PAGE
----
US20110170693A1 - Stateless method and system for providing location information of target device - Google Patents

Stateless method and system for providing location information of target device Download PDF

Info

Publication number
US20110170693A1
US20110170693A1 US12/891,971 US89197110A US2011170693A1 US 20110170693 A1 US20110170693 A1 US 20110170693A1 US 89197110 A US89197110 A US 89197110A US 2011170693 A1 US2011170693 A1 US 2011170693A1
Authority
US
United States
Prior art keywords
location
target device
server
reference
uri
Prior art date
Legal status (The legal status is an assumption and is not a legal conclusion. Google has not performed a legal analysis and makes no representation as to the accuracy of the status listed.)
Abandoned
Application number
US12/891,971
Inventor
Martin Wyville THOMSON
Anthony James Winterbottom
Current Assignee (The listed assignees may be inaccurate. Google has not performed a legal analysis and makes no representation or warranty as to the accuracy of the list.)
CommScope Technologies LLC
Original Assignee
CommScope Technologies LLC
Priority date (The priority date is an assumption and is not a legal conclusion. Google has not performed a legal analysis and makes no representation as to the accuracy of the date listed.)
Filing date
Publication date
Priority to US29459110P priority Critical
Application filed by CommScope Technologies LLC filed Critical CommScope Technologies LLC
Priority to US12/891,971 priority patent/US20110170693A1/en
Assigned to ANDREW LLC reassignment ANDREW LLC ASSIGNMENT OF ASSIGNORS INTEREST (SEE DOCUMENT FOR DETAILS). Assignors: WINTERBOTTOM, ANTHONY JAMES, THOMSON, MARTIN WYVILLE
Assigned to JPMORGAN CHASE BANK, N.A., AS COLLATERAL AGENT reassignment JPMORGAN CHASE BANK, N.A., AS COLLATERAL AGENT SECURITY AGREEMENT Assignors: ALLEN TELECOM LLC, A DELAWARE LLC, ANDREW LLC, A DELAWARE LLC, COMMSCOPE, INC. OF NORTH CAROLINA, A NORTH CAROLINA CORPORATION
Assigned to JPMORGAN CHASE BANK, N.A., AS COLLATERAL AGENT reassignment JPMORGAN CHASE BANK, N.A., AS COLLATERAL AGENT SECURITY AGREEMENT Assignors: ALLEN TELECOM LLC, A DELAWARE LLC, ANDREW LLC, A DELAWARE LLC, COMMSCOPE, INC OF NORTH CAROLINA, A NORTH CAROLINA CORPORATION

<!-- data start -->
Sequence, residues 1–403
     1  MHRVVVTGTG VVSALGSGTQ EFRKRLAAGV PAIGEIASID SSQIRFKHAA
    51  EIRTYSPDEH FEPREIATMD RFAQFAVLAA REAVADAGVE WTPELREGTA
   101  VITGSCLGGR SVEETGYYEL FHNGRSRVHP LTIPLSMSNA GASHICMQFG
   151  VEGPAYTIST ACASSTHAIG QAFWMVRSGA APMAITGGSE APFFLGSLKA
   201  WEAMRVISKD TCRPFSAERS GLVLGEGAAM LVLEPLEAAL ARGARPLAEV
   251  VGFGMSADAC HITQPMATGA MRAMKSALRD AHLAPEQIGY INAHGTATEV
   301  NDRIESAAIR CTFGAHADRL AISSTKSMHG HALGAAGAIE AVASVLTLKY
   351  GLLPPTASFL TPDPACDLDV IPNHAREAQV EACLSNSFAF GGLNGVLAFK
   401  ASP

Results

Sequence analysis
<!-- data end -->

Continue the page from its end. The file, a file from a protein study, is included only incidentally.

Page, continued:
Publication of US20110170693A1 publication Critical patent/US20110170693A1/en
Assigned to ALLEN TELECOM LLC, COMMSCOPE, INC. OF NORTH CAROLINA, ANDREW LLC, COMMSCOPE TECHNOLOGIES LLC, REDWOOD SYSTEMS, INC. reassignment ALLEN TELECOM LLC RELEASE BY SECURED PARTY (SEE DOCUMENT FOR DETAILS). Assignors: JPMORGAN CHASE BANK, N.A.
Assigned to COMMSCOPE TECHNOLOGIES LLC, REDWOOD SYSTEMS, INC., ANDREW LLC, ALLEN TELECOM LLC, COMMSCOPE, INC. OF NORTH CAROLINA reassignment COMMSCOPE TECHNOLOGIES LLC RELEASE BY SECURED PARTY (SEE DOCUMENT FOR DETAILS). Assignors: JPMORGAN CHASE BANK, N.A.
Application status is Abandoned legal-status Critical

Links

Images

Classifications

    • HELECTRICITY
    • H04ELECTRIC COMMUNICATION TECHNIQUE
    • H04WWIRELESS COMMUNICATION NETWORKS
    • H04W4/00Services specially adapted for wireless communication networks; Facilities therefor
    • H04W4/02Services making use of location information
    • H04W4/029Location-based management or tracking services

Abstract

A method of providing a location of a target device includes receiving a first location reference request from the target device at a first location server, generating a first location reference in response to the first request, and including the first location reference in a second location reference request to a second location server. The second location server generates a second location reference in response to the second request, where the second location reference is stateless and refers to the first location reference. The second location reference is received from the second location server, and provided to the target device to be provided to an application requesting location information of the target device from the second location server. The stateless second location reference includes information necessary for the second location server to serve a request for the location of the target device without maintaining state specific to the location reference.

Description

    PRIORITY STATEMENT
  • This application claims priority from Provisional Patent Application No. 61/294,591, filed Jan. 13, 2010, in the United States Patent and Trademark Office, the disclosure of which is hereby incorporated by reference.
  • BACKGROUND AND SUMMARY
  • Conventional wireless communication services, as well as Internet Protocol services, may include the feature of determining geographic locations of devices. Whether the device is mobile or fixed in their network attachments, they are collectively referred to as “target devices.” For example, one type of location based service is an E-911 emergency service responsive to “911” calls from target devices. Such emergency services may include estimating latitude and longitude of the target device, which is particularly important when a distressed caller is otherwise unable to provide their present position.